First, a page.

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Tuesday, March 31, 2009

Maybe it's because I'm a Londoner

Matthew d'Ancona's programme on Radio Four about the nature of Britishness was interesting – if not quite as enthralling as The Men Who Fell To Earth, a brilliant documentary about military parachuting that came later this morning – but the more I'm asked whether I feel British or English or European the more I think of myself as a citizen of another nation altogether – London.

I was born in Yorkshire but I've lived in London since 1968. My children have all been born and brought up in London. They think of themselves as Londoners and so do I. It's not that strange now, is it? Before there was a place called Italy people called themselves Florentines or Neopolitans. I wonder whether the world's going back that way.

In the time I've lived in the city London has undergone a historic transformation. One third of the people living in London were born overseas. Just think about that. One third *born* overseas. That's not counting the number of people whose immediate forebears came from overseas or the people, like me, who were born elsewhere in the UK. That doesn't disturb me at at all. In fact I think it's reason for rejoicing. This must mean that we are heading for the almost unique situation of living in a city populated by families who all somehow chose to be here.

I don't make any claim for London as some sort of rainbow community and, like all Londoners, I am sufficiently aware of its shortcomings to raise my eyes to heaven when a provincial visitor squashed into a tube carriage exclaims "Gosh, I couldn't do this every day!" but I identify with the place increasingly strongly. On 7/7 my dominant emotion, apart from compassion for the dead and maimed, was outrage that a bunch of misanthropic twats from mono-cultural streets in Leeds should let off bombs on tube carriages and buses in London, a place they knew nothing about. If they had done they would have known it was the one place on earth apart from New York where they were most likely to have slaughtered a representative sampling of the population of the earth.

12 comments:

  1. When I lived in Sydney, a city that flatters itself to be mulicultural and rich in diversity but in fact is amazingly provincial and small-minded, I used to come back to London and wander down Oxford Street -- yes Oxford Street -- literally muttering, "I love this place.... I love this place." Even New York has a tough time comparing these days. London stands alone for all the reasons you say Dave.

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  2. I have mixed emotions about the place now, I was born in London and lived there for 30 years but I've spent the past 16 abroad and it's hard not to fall into the typical expat feeling of annoyance that the place hasn't stayed the same as when you left it.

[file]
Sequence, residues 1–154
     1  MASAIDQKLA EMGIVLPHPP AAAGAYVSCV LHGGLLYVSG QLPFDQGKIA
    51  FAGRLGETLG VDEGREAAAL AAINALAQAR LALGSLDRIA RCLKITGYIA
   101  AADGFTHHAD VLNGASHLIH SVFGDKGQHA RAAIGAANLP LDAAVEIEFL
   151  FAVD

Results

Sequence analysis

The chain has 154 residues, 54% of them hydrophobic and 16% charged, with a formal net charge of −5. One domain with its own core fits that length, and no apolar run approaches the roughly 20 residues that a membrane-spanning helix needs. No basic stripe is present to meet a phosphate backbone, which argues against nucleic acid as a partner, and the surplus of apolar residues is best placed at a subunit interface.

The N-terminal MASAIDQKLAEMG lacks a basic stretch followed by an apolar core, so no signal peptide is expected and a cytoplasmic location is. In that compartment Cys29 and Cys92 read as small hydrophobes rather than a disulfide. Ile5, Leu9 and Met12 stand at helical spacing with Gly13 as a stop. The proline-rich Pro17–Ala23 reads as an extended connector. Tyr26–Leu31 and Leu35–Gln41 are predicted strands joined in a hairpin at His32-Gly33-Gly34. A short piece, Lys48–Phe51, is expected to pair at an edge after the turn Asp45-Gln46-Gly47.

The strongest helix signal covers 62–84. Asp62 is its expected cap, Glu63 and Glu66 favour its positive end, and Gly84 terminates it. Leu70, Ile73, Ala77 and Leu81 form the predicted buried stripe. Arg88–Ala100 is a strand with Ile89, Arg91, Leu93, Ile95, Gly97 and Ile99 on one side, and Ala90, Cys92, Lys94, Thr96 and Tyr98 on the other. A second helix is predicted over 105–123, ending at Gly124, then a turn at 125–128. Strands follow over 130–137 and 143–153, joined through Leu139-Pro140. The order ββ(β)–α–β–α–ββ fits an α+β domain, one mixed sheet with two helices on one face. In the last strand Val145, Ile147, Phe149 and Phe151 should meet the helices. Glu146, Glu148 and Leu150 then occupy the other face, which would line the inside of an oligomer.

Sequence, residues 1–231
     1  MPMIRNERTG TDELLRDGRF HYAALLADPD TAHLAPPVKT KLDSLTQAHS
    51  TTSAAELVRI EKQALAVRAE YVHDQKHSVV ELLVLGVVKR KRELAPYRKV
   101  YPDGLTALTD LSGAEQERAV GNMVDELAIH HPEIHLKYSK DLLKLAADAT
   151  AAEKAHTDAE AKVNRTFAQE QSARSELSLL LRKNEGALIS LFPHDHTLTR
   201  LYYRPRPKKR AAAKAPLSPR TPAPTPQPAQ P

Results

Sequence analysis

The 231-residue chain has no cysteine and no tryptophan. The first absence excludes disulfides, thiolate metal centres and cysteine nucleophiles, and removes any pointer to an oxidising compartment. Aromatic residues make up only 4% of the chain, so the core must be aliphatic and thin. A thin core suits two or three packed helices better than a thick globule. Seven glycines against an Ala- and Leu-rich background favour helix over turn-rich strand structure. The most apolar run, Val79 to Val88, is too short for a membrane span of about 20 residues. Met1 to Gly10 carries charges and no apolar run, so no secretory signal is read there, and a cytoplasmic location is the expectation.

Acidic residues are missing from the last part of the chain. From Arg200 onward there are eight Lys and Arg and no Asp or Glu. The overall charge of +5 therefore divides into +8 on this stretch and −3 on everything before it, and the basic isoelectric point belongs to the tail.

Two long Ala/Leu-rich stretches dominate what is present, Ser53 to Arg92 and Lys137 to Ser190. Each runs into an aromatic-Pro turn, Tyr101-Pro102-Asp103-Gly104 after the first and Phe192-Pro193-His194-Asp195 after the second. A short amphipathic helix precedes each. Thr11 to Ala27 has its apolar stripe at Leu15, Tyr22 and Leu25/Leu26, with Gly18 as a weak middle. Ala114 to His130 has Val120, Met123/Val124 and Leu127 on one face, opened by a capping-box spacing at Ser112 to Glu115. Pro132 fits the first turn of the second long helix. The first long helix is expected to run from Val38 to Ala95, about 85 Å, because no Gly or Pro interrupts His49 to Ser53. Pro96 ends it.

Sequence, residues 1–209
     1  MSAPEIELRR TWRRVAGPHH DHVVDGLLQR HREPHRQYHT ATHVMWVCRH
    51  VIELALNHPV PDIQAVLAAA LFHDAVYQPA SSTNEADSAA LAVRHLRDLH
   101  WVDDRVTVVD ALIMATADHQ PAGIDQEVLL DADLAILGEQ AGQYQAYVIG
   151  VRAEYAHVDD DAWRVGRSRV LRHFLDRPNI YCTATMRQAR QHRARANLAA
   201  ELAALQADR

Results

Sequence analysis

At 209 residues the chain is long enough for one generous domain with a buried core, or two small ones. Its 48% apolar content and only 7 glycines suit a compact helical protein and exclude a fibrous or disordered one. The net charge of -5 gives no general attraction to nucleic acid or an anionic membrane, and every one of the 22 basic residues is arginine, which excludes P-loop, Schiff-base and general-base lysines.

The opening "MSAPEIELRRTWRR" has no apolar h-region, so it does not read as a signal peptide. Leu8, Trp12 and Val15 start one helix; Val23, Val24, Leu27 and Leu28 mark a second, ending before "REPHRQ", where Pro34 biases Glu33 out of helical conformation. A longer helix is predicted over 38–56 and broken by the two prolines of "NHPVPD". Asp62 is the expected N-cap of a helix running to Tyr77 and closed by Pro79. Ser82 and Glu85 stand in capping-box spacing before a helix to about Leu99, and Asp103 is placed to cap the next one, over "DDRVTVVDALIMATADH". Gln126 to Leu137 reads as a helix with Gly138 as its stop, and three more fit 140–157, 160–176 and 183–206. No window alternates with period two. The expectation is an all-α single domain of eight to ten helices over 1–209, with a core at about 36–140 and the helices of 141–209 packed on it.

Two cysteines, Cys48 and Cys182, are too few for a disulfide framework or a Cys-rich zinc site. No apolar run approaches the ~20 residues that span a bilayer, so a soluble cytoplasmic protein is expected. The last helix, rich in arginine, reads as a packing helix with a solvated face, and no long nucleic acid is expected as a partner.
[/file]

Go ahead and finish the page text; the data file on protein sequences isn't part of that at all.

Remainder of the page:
I'll probably never stop thinking of myself as "Londoner" though which says something about the emotional pull the old place has.

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  3. I lived in London for four years and can no more relate to being a Londoner than I can to being Prince Charles.
    The mass exodus from London in particular and England in general in the last twenty years would suggest that people moving in have not chosen in any way to move, rather they have been displaced.The choices have been made by those on their way out.
    Comparing London with NY is spot on. The cities both have wealthy, happy enclaves, but in large part their overall population levels are maintained by no more than modern-day peasant population shifts.
    In the end, we relate to friends and families, at the very most. Loving a city seems as fanciful as hating one seems mad.

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  4. As a proud Welshman brought up in Grimsby but having lived in London for the last 23 years I have allegiances all over the place. Rather enjoy them actually.

    But I think, if I am honest with myself, that above all I consider myself a Londoner. Especially today with the skies as blue as the day England won the 1966 world cup and the sun shining. London looks and feels magnificent. Crossing the Thames was like viewing a piece of art. It is a gob-smackingly cosmopolitan city and endlessly interesting - to my eyes beyond even New York these days. And in my village within London (or "enclave")I know & actively socialise with at least as many neighbours as my mates up in Grimsby do with theirs.